Trim: 6½ x 9¼
978-0-7391-8804-0 • Hardback • April 2014 • $140.00 • (£108.00)
978-1-4985-5042-0 • Paperback • November 2016 • $57.99 • (£45.00)
978-0-7391-8805-7 • eBook • April 2014 • $55.00 • (£42.00)
Akanmu G. Adebayo is professor of history and director of the Center for Conflict Management at Kennesaw State University.
Jesse J. Benjamin is professor in the Department of Sociology and Criminal Justice and the Department of Interdisciplinary Studies at Kennesaw State University.
Brandon D. Lundy is assistant professor of anthropology and interim associate director of the PhD Program in International Conflict Management at Kennesaw State University.
Jesse Benjamin and Brandon D. Lundy
- Introduction: Indigeneity and Modernity, From Conceptual Category to Strategic Juridical Identity in the Context of Conflict
- Weaving Indigenous and Western Methods of Conflict Resolution in the Andes
Tara Ney, Vanessa Currie, Maureen Maloney, Crystal Reeves, Jillian Ridington, Robin Ridington, and Judith Zwickel
- Traditional Decision-Making in Contemporary Child Welfare: Relying on Dane-zaa Laws to Care for and Protect Children and Families
- Addressing Disputes between First Nations: An Exploration of the Indigenous Legal Lodge
Afua Bonsu Sarpong-Anane
- Globalization and Indigenous Conflict Management: Experiences from Africa
Joseph Kingsley Adjei and Akanmu G. Adebayo
- Indigenous Conflict Resolution Strategies in Monarchical Systems: Comparison of the Nature, Effectiveness and Limitations of the Yoruba and Akan Models
Olusegun O. Onakoya
- Land Ownership In Nigeria: Land Use Act Versus Traditional Land Tenure System
Birthe C. Reimers
- The “Intra-Tutsi Schism” and Its Effect on Truth, Justice, and Reconciliation in the Rwandan Gacaca Courts
- Successful Integration of Western and Indigenous Conflict Management: Swaziland Case Study
Brandon D. Lundy
- Monitoring Conflicts of Interest: Social Conflict in Guinea-Bissau’s Fisheries
Walter Gam Nkwi
- The Changing Roles of Traditional Institutions in Conflict Management: A Historical Perspective from the Bamenda Grassfields, Cameroon
- Jirga an Indigenous institution for peace building in the Pukhtoon belt of Pakistan
- FATA: Finding Common Ground in Uncommon Places
Haluk Baran Bingol and Jesse Benjamin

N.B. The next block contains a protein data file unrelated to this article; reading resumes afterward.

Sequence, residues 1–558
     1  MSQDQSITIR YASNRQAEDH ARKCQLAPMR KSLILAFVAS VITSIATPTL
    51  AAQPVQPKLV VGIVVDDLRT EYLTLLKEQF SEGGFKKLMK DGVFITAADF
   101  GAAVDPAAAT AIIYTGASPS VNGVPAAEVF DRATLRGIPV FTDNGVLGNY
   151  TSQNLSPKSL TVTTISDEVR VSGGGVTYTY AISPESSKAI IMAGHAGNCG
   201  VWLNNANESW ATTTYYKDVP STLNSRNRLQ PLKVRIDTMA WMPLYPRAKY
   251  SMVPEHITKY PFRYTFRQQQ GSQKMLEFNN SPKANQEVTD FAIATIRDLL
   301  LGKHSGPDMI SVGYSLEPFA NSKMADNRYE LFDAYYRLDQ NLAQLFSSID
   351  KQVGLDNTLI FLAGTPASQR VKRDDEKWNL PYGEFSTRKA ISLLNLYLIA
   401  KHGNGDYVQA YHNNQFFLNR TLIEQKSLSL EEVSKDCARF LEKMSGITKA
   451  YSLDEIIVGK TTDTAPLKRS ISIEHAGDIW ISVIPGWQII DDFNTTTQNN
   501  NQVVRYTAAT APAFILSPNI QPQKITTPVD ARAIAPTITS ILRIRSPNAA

- Mesopotamia’s Indigenous Revival: Political Discourse, Imagined Sovereignty, and Contemporary Kurdish Representations of Identity
- Socio-political Change and the Evolution of Irrigation Disputes in Rural China: the Jianghan Plain, 1870s-2011
Debarati Sen, Ferdinand Kwaku Danso, and Natalia Meneses
- Conclusion: Culture and Conflict Management: The Need for a Paradigm Shift
This book convincingly stimulates a wider and deeper engagement with indigenous conflict management strategies in a world that has blinded many to the potency of non-Western traditions of conflict resolution, reconciliation, and peacebuilding. It is a welcome and essential resource for scholars and students of politics, culture, and conflict transformation who appreciate the relevance of culture and tradition as essential ingredients of peace, amity, friendship, and global understanding.
— Olutayo C. Adesina, University of Ibadan
This compendium successfully integrates indigenous and Western strategies of conflict management and peace building...a topic of great urgency to our generation as we rebuild that elusive bridge to the future we desire. The book's global examples should read as freshly and remain as relevant to our grand children as it does to us.
— Chapurukha M. Kusimba, American University
Indigenous processes of peacemaking, dismissed as irrelevant and backward tribal rituals for the last five centuries by the state based legal system, and neglected by the newly emerging field of Alternative Dispute Resolution (ADR), at long last have begun to gain the attention of a few scholars. The publication of this book elevates the currently fledging scholarship on this critical subject to a much higher level. This book is the first comprehensive volume on the subject of indigenous processes of peacemaking. As such, it will serve as a pioneering piece of scholarly work for years to come. Its scope is comprehensive, its analytical approaches are deep, and it employs interdisciplinary perspectives. It is a must read for those who are interested in this important subject.
— Hamdesa Tuso, University of Manitoba